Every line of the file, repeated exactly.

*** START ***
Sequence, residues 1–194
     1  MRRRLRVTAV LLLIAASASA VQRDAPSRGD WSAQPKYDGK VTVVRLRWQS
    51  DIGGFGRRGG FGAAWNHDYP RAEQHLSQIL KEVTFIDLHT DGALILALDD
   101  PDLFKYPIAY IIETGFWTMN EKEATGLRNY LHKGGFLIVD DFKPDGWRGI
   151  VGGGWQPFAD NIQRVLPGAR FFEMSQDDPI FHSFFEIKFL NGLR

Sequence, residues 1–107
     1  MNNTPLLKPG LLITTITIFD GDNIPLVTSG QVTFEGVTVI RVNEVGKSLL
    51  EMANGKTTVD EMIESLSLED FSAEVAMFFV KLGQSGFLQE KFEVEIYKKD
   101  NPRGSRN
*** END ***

Sequence, residues 1–194
     1  MRRRLRVTAV LLLIAASASA VQRDAPSRGD WSAQPKYDGK VTVVRLRWQS
    51  DIGGFGRRGG FGAAWNHDYP RAEQHLSQIL KEVTFIDLHT DGALILALDD
   101  PDLFKYPIAY IIETGFWTMN EKEATGLRNY LHKGGFLIVD DFKPDGWRGI
   151  VGGGWQPFAD NIQRVLPGAR FFEMSQDDPI FHSFFEIKFL NGLR

Sequence, residues 1–107
     1  MNNTPLLKPG LLITTITIFD GDNIPLVTSG QVTFEGVTVI RVNEVGKSLL
    51  EMANGKTTVD EMIESLSLED FSAEVAMFFV KLGQSGFLQE KFEVEIYKKD
   101  NPRGSRN